Death of the Lake

I once swam in Lake Urmia
Along with my fourtheen-year-old sister
And realized that the lake was alive
And had memory.

We swam slowly
Our heads out of the water
Lest the salt got into our eyes, noses and mouths.
We swam so far in the water
That the shore behind us was no longer visible
And we could see the silhouette of an island.

There was no shark to fill our hearts with fear
Nor any algae to grab our feet.
The lake was all ours
With a cloudless sky
And shadows of migrating cranes.
There was no wind to make waves
Nor any boat to disturb our peace.
Our fear was from ourselves
Of the panic of the water overcoming us
Or the temptation of returning to shore
Would capture our souls.
There we stopped moving
And let the water
Tell us of its memories.

There, one could become the lute-player Safi al-Din Urmavi
And listen to the beats of the heart of the lake
Or like Rumi’s scribe Hesam al-Din Chalabi
Walk on the cool skin of the water
Tipsy from the seven-thousand-year-old wine of Haji Firooz Village.

There, one could become Hulagu the grandson of Genghis
Take out a sword and conquer Baghdad
And dismanteled the canopy of Caliphate forever.
Then get buried in Shahi Island in Lake Urmia
Without any offering of human sacrifice.

There, one could become Shalmaneser, the king of Assyria
Conquer Media and Persia
And call the coastal town “Urmia”
Which means  “the city of water”.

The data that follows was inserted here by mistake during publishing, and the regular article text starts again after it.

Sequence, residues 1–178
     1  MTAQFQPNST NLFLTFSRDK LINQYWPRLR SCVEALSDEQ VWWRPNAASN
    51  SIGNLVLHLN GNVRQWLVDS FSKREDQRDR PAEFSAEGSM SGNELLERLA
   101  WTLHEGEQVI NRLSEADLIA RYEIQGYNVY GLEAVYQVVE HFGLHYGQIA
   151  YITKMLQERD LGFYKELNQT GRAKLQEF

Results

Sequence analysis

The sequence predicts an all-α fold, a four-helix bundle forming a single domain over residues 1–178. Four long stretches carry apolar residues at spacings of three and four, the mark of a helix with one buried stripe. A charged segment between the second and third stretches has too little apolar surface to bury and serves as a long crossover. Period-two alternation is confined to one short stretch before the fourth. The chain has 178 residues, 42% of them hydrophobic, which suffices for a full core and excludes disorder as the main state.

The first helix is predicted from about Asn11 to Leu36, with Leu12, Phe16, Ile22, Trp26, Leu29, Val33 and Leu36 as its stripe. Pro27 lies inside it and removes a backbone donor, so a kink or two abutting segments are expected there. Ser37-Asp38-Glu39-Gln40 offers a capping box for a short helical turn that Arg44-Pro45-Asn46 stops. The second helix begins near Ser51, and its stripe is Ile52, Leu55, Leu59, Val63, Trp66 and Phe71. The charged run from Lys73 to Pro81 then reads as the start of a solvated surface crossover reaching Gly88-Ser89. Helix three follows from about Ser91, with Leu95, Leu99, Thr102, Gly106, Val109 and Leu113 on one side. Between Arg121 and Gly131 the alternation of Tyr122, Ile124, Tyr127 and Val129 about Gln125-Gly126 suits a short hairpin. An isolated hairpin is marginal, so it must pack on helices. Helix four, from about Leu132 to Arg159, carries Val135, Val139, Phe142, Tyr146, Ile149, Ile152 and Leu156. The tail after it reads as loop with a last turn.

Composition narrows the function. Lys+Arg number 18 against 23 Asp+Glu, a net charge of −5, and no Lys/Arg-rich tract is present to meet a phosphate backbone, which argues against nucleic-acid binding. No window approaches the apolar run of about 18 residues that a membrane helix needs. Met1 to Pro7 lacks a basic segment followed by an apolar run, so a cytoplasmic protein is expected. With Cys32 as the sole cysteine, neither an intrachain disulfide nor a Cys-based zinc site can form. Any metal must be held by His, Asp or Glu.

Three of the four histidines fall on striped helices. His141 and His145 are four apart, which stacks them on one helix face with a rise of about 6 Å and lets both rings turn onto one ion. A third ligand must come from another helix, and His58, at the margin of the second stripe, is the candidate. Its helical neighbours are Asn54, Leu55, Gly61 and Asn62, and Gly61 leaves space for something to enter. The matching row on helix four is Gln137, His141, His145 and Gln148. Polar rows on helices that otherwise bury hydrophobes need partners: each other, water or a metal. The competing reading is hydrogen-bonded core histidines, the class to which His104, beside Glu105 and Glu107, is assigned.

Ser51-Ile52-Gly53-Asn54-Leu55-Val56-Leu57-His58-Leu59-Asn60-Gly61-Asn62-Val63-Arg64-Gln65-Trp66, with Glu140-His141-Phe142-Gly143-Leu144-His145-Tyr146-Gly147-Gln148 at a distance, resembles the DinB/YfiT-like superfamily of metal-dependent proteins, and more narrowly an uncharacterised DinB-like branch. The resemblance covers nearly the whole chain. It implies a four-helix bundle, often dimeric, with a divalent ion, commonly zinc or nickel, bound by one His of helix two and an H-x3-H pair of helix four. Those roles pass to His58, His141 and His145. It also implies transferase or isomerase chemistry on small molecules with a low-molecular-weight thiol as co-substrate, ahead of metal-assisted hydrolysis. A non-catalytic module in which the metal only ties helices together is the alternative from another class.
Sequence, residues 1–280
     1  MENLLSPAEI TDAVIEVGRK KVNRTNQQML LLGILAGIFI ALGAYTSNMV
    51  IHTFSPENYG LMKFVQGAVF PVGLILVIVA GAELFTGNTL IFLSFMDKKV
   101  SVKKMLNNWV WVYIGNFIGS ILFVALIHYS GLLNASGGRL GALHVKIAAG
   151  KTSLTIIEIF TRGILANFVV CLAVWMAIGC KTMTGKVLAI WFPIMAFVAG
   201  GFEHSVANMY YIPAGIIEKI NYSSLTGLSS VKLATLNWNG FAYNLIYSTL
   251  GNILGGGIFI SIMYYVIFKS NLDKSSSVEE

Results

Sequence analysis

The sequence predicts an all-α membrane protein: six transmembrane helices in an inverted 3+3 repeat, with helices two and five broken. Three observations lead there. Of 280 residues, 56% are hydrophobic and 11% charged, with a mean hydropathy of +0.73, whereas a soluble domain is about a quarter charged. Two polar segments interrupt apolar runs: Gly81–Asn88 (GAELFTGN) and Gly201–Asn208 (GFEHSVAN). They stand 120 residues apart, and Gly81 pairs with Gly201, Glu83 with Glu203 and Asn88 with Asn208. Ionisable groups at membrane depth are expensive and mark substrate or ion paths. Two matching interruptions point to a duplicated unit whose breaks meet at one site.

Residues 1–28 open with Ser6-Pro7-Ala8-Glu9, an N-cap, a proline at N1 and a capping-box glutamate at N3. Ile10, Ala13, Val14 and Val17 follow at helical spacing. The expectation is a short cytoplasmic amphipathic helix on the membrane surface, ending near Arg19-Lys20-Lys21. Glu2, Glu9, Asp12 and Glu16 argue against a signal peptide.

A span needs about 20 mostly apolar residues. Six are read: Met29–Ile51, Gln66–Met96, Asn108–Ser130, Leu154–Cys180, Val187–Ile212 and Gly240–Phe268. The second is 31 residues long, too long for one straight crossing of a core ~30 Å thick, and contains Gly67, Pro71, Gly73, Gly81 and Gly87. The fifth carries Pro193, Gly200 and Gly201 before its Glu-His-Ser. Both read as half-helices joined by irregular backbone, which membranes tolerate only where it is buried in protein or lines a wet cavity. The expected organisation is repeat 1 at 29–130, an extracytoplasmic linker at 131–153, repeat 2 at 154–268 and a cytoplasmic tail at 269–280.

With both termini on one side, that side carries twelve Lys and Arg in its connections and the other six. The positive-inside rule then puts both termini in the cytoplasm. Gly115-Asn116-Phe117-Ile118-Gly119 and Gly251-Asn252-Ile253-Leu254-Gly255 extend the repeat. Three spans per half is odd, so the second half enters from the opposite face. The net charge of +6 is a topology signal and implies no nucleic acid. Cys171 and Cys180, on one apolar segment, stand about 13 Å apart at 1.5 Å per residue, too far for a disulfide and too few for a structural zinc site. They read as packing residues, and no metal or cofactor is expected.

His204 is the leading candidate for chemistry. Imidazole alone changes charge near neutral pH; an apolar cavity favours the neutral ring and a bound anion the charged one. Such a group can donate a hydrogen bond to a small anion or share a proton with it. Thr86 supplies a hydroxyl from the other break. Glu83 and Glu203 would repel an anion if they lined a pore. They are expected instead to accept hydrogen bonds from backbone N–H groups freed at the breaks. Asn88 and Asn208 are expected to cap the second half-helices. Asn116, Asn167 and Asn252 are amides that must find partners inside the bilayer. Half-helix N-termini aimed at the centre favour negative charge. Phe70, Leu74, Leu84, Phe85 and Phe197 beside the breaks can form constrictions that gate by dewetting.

There, one could become the high mobed of Azarbaijan
Descend the fire temple of Azargoshasp and Shiz Volcano,
Turn around seven hills of ashes,
Wash off the road dust from one’s body in the lake
And call the lake “Chi Chast”
Which means  “shiny”.

There, one could become a martyr of Miandoab City
Ruholah or  Hamid or Faramarz
Swim with one breath from Zarineh or Simineh River
Until one reaches Lake Urmia.
One could become Javanshir’s mother or Jahangir’s sister
Rub black mud all over one’s body
And lay down in the sun
Until joint pains relax
And skin rashes subside.

There, one could become Turk, Kurd, Persian
Assyrian, Armenian or Jew,
And from Lake Urmia
Join all other lakes of Iran:
Bakhtegan, Hamoon, Parishan, Almagol,
Shorabil, Zarivar, Maharlu, Ovan, Gahar, Aras, Namak,
And even Khor Musa Estuary and Gavkhouni Marsh.

But today
The lake is going dry
And its color is becoming
Bloodier every day.
Am I able to swim with my sister again
In Lake Urmia
This time along with her daughter?
Or should I walk on its salt bed alone
And listen to the sound of my footsteps?
Can our tears
Fill the lake again
And our blood on the street
Dilute its bloody color?

The lake is dying
With all of its memories
And a salt storn is on its way.

Majid Naficy

September 2, 2011